Journal of Neuropsychology

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Volume 10 Issue 1 (March 2016), Pages 1-162

Awareness of memory task impairment versus everyday memory difficulties in dementia (pages 130-142)

  • Author(s): Robin G. Morris, Sharon M. Nelis, Anthony Martyr, Ivana Markova, Ilona Roth, Robert T. Woods, Christopher J. Whitaker, Linda Clare
  • Published 09 Dec 2014
  • DOI: 10.1111/jnp.12062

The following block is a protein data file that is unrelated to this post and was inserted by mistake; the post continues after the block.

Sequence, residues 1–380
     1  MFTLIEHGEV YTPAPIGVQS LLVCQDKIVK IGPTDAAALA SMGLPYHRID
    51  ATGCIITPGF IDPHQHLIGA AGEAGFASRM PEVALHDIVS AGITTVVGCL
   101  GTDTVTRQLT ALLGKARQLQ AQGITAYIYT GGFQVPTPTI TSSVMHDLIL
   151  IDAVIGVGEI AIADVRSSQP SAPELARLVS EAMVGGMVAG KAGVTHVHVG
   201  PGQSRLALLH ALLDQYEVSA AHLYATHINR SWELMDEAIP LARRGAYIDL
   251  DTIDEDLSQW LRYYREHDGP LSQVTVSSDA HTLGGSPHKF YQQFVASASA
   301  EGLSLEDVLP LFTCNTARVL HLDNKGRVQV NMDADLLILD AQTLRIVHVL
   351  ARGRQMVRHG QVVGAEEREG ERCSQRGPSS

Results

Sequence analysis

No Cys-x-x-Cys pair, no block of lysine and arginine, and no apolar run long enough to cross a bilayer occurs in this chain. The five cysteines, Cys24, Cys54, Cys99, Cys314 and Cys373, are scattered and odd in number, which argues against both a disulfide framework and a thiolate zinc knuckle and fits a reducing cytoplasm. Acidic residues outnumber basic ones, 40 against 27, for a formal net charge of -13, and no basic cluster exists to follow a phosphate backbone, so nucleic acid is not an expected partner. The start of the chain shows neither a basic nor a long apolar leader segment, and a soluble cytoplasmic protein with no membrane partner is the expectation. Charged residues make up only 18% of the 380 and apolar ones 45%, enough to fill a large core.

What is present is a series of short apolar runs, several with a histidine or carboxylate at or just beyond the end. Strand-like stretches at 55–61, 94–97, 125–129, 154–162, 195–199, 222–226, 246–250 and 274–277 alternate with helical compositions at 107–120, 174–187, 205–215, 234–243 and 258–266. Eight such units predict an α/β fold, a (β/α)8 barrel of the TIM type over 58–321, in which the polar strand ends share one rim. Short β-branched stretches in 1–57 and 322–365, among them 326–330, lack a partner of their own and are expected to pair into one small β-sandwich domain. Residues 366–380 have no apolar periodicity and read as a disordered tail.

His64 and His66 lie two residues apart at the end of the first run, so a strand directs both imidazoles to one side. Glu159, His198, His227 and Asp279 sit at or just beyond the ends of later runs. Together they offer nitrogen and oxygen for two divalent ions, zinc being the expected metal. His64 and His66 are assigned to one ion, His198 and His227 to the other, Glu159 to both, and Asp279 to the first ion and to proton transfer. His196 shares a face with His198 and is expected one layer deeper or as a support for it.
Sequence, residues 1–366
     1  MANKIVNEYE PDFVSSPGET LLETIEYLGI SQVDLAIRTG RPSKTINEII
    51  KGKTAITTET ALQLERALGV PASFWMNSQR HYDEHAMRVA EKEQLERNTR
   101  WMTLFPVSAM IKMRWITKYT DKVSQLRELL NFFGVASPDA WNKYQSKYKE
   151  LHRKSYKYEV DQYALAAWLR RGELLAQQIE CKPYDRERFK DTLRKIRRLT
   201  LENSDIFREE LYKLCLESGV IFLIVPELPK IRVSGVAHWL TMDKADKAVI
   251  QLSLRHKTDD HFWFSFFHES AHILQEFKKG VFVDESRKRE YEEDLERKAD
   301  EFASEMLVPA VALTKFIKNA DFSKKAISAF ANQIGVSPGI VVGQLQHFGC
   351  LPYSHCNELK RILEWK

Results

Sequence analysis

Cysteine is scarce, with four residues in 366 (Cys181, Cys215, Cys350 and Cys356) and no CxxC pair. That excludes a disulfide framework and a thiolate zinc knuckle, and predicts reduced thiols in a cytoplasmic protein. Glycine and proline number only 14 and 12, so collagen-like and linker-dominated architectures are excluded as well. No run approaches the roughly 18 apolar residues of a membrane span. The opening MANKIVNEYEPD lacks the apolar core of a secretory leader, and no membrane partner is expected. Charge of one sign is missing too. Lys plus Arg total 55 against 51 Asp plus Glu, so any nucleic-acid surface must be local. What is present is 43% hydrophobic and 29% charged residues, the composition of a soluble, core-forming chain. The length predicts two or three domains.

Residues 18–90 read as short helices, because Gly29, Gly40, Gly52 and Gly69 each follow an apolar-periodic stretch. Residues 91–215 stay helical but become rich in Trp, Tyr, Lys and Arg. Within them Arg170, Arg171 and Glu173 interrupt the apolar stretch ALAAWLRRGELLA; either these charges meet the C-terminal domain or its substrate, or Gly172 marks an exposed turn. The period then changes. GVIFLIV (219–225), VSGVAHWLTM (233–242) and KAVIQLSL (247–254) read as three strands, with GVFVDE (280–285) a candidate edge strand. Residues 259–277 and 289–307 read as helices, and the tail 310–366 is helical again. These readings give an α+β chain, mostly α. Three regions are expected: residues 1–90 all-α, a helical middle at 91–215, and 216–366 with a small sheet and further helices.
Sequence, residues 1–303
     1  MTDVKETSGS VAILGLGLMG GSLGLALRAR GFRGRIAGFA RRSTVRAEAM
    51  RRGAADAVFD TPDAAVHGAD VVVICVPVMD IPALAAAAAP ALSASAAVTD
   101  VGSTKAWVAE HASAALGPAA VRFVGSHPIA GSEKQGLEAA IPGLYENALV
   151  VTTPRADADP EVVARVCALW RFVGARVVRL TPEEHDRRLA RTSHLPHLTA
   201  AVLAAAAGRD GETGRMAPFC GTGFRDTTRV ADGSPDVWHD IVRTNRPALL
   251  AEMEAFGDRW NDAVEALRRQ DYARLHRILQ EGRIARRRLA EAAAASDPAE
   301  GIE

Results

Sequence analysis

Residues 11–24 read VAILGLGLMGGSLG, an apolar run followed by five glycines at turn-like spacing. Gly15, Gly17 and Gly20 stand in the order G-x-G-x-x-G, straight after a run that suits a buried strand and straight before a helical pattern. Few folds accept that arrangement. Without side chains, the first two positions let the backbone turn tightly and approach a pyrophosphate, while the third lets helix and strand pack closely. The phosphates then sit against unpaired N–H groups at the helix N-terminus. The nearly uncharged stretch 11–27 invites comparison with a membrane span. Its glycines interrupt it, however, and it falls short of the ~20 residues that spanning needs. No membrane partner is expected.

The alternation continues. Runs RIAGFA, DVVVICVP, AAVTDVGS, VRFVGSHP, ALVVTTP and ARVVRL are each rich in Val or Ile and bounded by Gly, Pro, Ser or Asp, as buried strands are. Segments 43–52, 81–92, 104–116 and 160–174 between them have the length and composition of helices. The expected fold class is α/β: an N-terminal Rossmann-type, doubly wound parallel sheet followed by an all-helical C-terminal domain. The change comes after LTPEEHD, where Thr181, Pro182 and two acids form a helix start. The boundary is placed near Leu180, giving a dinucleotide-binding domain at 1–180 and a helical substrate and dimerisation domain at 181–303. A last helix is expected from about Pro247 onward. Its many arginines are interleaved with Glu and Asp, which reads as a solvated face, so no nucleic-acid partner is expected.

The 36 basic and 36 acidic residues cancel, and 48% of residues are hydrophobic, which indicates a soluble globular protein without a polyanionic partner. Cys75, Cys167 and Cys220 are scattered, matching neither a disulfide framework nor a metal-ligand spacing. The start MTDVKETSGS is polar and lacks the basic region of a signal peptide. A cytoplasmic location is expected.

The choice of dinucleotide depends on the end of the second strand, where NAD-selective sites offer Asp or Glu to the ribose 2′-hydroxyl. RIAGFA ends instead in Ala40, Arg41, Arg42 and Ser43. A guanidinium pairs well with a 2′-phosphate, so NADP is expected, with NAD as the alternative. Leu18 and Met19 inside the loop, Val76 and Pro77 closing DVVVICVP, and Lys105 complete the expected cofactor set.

The study investigated different types of awareness of memory dysfunction in dementia, specifically judgements concerning memory task performance or appraisal of everyday memory functioning and also exploring the neuropsychological correlates of such awareness. This was investigated in 76 people with dementia, comprising 46 patients with Alzheimer's disease (AD) and 30 patients with vascular dementia (VaD). The Memory Awareness Rating Scale (Clare et al., 2002, Neuropsychol Rehabil, 12, 341–362) was used, which includes an Objective‐Judgement Discrepancy (OJD) technique involving comparison of subjective evaluation of performance on specific memory tasks with actual performance, and a Subjective Rating Discrepancy (SRD) technique, which compares self versus informant judgement of everyday memory function. The AD and VaD groups showed lower awareness than a normal control group for both types of measures, the AD group showing less awareness than the VaD group on the OJD measure. Regression analyses supported associations for both groups between memory impairment and the OJD measure and between naming impairment and the SRD measure. The findings are discussed in terms of neurocognitive theories accounting for loss of awareness in dementia.

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